Meet Barbara McClintock: Nobel Prize-Winning Geneticist

June 13, 2012

Barbara McClintockBarbara McClintock, whose work revolved around the study of maize, changed the world of genetics. This brilliant, self-effacing scientist — the first woman to win an unshared Nobel Prize in physiology or medicine — said in her official statement about the award, “It might seem unfair to reward a person for having so much pleasure over the years, asking the maize plant to solve specific problems and then watching its responses.” That the pronoun “I” is absent says much about McClintock.

While writing a biography about her, I learned that AAUW played a key role in supporting McClintock’s groundbreaking work. Born in 1903 as the third of four children, McClintock studied at Cornell University and earned her doctorate in 1927. When she was researching in the 1940s, funding was scarce, and 95 percent of awards from other large programs were going to men. In 1947, AAUW was one of the first national organizations to recognize McClintock’s research with a financial prize. The $2,500 AAUW Achievement Award cited work that “yielded epoch-making results … with brilliant promise of still further achievement.”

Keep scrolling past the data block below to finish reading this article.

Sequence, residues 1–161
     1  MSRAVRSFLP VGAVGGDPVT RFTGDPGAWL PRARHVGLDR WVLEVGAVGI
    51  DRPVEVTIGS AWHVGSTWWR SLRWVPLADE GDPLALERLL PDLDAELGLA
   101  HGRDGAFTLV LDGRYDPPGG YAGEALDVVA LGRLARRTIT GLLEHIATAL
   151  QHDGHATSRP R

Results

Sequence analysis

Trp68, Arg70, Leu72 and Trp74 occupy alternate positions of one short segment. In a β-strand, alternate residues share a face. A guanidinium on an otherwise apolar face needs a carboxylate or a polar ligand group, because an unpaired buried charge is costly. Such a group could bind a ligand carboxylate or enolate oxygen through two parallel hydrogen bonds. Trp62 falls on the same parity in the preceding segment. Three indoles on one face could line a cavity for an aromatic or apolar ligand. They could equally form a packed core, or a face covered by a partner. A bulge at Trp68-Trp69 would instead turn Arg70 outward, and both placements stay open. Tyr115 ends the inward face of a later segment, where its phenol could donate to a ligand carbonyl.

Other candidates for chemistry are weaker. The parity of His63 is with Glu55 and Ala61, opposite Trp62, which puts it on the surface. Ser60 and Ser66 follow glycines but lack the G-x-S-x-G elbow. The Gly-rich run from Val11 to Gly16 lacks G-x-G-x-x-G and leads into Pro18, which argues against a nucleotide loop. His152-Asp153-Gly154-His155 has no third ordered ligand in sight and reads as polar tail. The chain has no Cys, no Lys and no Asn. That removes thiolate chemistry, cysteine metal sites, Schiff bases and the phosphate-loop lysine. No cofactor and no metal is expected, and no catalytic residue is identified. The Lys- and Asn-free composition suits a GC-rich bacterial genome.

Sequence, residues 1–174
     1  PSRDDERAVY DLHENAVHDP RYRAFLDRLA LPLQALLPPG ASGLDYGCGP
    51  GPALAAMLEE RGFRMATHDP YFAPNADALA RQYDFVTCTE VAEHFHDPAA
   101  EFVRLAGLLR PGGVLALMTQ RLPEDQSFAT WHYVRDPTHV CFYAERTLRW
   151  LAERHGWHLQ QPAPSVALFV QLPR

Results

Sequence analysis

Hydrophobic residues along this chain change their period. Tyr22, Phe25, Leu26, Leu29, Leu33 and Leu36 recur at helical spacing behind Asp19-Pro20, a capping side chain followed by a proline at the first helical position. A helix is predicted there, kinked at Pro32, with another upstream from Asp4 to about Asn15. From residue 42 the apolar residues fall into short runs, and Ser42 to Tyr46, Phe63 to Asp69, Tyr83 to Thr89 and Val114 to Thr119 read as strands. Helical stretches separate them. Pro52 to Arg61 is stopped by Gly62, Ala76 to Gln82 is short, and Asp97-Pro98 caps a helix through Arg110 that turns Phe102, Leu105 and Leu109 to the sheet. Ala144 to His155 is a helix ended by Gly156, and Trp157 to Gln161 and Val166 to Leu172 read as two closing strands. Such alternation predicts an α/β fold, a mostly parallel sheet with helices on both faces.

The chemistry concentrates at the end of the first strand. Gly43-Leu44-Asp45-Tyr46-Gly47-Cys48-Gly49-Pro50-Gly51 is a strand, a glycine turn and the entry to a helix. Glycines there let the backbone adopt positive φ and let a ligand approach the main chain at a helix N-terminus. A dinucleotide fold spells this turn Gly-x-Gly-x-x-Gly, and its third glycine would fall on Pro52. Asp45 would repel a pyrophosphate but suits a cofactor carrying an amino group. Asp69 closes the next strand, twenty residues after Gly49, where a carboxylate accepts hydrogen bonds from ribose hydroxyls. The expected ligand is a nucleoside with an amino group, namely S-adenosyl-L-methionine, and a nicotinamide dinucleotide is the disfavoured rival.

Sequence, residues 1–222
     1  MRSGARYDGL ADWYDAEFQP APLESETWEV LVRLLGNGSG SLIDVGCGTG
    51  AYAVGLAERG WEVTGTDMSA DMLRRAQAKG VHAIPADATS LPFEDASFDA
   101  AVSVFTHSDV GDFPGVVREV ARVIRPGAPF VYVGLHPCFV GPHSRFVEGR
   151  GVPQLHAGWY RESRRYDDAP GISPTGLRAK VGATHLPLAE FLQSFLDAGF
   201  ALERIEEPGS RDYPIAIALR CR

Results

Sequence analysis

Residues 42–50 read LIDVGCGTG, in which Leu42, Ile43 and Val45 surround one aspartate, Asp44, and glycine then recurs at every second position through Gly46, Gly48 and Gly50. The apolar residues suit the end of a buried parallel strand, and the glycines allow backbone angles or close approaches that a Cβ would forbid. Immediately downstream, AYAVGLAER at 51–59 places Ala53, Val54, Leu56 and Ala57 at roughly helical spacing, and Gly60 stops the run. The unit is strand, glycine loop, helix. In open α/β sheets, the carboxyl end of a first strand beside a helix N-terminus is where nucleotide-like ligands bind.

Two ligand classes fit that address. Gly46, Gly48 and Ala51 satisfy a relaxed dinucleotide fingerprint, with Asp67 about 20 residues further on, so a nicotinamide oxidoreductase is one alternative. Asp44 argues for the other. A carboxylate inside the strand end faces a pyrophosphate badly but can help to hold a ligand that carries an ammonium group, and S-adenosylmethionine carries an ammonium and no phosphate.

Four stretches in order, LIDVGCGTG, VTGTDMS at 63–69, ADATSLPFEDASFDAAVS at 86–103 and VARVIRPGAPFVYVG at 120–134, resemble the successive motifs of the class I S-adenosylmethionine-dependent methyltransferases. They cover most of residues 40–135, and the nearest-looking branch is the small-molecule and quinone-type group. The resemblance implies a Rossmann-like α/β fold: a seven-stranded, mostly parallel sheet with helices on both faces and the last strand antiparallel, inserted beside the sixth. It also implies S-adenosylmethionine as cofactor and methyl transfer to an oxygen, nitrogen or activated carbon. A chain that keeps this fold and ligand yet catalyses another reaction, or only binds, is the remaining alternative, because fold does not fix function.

In her acceptance speech in Dallas, McClintock called for greater support of young people who are interested in science — especially women. “On these young scientists we must concentrate much of our effort if we wish to preserve this potential source of cultural wealth,” she said. As a lifelong member of AAUW, I related to this statement, which confirmed once again the value of our mission of advancing equity for women and girls through advocacy, education, philanthropy, and research.

In her early breakthroughs, McClintock embodied this potential. She identified the 10 maize chromosomes and proved the theory of “crossing over,” the phenomenon of genetic material switching places between chromosomes. When she proved that genes aren’t static on chromosomes but can move about and control other genes, the press dubbed the finding “jumping genes.” Because McClintock worked alone with no secretary or lab assistants and published very little of her research, it took decades for the world to recognize that her meticulous work applied not just to maize but to all living organisms.

McClintock, who died in 1992, has been called one of the most important figures in 20th century science. Her insights into genetics earned her worldwide recognition. But McClintock cared as much about the future of science and those who would become scientists as she did about her own work. “Young people have to be motivated to know what they’re doing,” she said. “We need to have people who know organisms can do fantastic things.” This, too, goes to the heart of what AAUW stands for.

We should all be proud of the important part AAUW played in encouraging this dedicated scientist long before the world recognized her remarkable, pioneering contributions to the field of genetics.

This post was written by AAUW Del Mar-Leucadia (CA) Branch member Edith Hope Fine. Her book, now in e-reader format, will be available for free for Kindle June 16–17.

 

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